Ms. Wilser recalled the stabbing incident that occurred on the morning of February 23, 2004, although she did not directly witness the stabbing. She said she was working on a cutting table laying out fabric and explaining a task to other inmates, facing away from the “foaming area where Inmate Perez [was working]” and where the stabbing occurred. She recalled that Officer Doyle was at his “podium . . . on his station . . . right in back of . . . [her]. It’s right in the foaming area.” [T-110]. She “heard some commotion and . . . turned away from . . . [the] table

. . . [and ] around and . . . heard somebody say, ‘in the name of Jesus Christ, the devil made me do it’ . . . [She] turned all the way and . . . saw . . . an inmate [from maintenance] standing in front of the officer’s podium [holding a weapon in his hands] and [Officer Doyle] request[ing] [that he] hand over the weapon or the shears.” [T-111]. The request was repeated several times.

Ms. Wilser thought that the inmate was from maintenance, because she associated him with being one of a group of four inmates from maintenance whom she had seen making repairs, but could not say if she had seen him before. When repairs were needed, generally the civilian supervisor from maintenance would come up, look over the problem, and then bring his workers along to fix it at some point. These workers would be assigned to and be part of the maintenance shop located in the industry building. The only way inmates could be in the industry building would be if they were assigned to one of the shops, including the maintenance shop.

In terms of the equipment in the upholstery 2 shop, Ms. Wilser said that the equipment assigned to the inmate depended on the kind of job the inmate was doing. All the tools were numbered. Tool inventories were done three times a day between the officer and Ms. Wilser. When she arrived in the morning, she checked her tool cabinets to make sure all the tools were in. When a tool was given out from the cabinet, its “shadow” remained in “outline[d]” form. [T-119]. Thus, when a pair of shears was given out, there remained in the cabinet an outline of the tool. A metal tag containing the inmate’s number was put in the spot where the shears were kept. Each inmate had a number, and when tools were distributed they were signed for and referenced by the inmate’s number. At lunchtime all the tools were returned, everything was counted and closed up. When the inmates returned from lunch, the process was repeated.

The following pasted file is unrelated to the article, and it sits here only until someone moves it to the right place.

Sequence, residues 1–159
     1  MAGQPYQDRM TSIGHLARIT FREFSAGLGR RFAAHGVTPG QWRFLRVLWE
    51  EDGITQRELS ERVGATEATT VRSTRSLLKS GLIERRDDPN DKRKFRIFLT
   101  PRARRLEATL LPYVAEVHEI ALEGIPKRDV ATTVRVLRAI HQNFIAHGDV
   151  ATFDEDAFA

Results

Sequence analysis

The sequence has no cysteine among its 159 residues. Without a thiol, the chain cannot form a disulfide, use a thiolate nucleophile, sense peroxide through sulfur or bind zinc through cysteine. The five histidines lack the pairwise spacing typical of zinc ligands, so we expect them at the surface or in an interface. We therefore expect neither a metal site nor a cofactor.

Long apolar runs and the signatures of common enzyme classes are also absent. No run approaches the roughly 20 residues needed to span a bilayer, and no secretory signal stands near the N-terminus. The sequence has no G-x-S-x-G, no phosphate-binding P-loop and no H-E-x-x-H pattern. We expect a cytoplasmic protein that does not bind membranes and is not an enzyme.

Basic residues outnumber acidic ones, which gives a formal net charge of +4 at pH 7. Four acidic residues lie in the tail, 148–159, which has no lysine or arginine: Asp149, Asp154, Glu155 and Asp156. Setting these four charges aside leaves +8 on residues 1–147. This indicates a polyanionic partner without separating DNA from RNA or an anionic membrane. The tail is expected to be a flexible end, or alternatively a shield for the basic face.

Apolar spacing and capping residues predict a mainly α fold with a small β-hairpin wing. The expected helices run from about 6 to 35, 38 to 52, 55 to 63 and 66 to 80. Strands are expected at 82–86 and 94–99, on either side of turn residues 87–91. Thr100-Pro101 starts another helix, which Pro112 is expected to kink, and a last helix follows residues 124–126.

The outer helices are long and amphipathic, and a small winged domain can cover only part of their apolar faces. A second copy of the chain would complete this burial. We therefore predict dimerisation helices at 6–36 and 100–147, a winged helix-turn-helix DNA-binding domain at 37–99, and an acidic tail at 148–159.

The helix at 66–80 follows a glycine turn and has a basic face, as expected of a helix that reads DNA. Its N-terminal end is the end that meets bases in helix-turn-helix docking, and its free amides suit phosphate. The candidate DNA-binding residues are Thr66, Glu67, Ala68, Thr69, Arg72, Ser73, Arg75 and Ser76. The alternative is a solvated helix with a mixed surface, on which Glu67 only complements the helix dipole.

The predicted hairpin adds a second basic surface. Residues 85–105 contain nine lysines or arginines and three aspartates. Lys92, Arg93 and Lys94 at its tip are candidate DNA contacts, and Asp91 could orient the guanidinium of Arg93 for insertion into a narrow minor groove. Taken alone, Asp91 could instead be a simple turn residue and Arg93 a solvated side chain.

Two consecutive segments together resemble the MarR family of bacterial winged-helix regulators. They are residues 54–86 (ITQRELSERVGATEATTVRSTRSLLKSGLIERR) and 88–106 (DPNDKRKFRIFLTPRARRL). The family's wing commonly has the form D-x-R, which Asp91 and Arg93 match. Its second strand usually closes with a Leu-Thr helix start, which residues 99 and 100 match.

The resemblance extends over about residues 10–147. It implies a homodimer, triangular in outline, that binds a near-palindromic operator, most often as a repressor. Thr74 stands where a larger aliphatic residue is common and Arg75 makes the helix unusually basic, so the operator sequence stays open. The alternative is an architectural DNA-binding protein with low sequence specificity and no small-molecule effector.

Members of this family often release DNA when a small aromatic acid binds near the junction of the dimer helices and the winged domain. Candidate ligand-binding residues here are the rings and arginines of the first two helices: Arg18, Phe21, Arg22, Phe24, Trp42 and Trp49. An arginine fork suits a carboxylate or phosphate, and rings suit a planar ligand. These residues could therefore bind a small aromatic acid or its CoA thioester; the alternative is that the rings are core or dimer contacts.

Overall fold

In the interim, the correction officer took attendance at approximately 10:00 a.m., which was reported to the watch commander. [T-122].

All tools were listed in a tool directive created for each shop, essentially an inventory with a description of each tool. An inmate was responsible for the tools he was assigned, and was not allowed to give them to somebody else. She explained that because inmates have clothing without pockets, the tool would not be on their persons per se, but rather “with [them]” in some fashion. There was no directive that she was aware of that would require her “to be present or to stand there while the shears are in use.” [T-124]. She said she was unfamiliar with what the job directives for an assigned officer would be with regard to tools.

Shown a photograph of the shears purportedly used to stab claimant [Exhibit 3], Ms. Wilser noted that they contain the number 25, and that these photographed shears had therefore been assigned to Mr. Perez.

On cross-examination, she indicated that on February 23, 2004 Mr. Perez was working in the foaming department, where the foam is cut to make chair padding. She recalled that claimant had started work as a porter in the shop, as do many inmates when they first start to work there, but was not working as a porter that day. Shown the photograph of the shears again, Ms. Wilser was asked if the shears were actually larger than depicted in the photograph. She said “No. They’re approximately ten inches and they approximately have a six-inch blade. We do have bigger shears . . . Only one. They don’t usually go out.” [T-127].

To get into the upholstery shop from the maintenance department, workers - including inmates -usually took an elevator up and entered through unlocked doors into the shop. Thus there were two stairways with locked doors before entry to the shop, and there was a third means of access via the elevator. Inmates from both maintenance and the upholstery shop would utilize this delivery elevator. Whoever used the elevator, however, would have to have gained entrance to the industry building through the initial gates.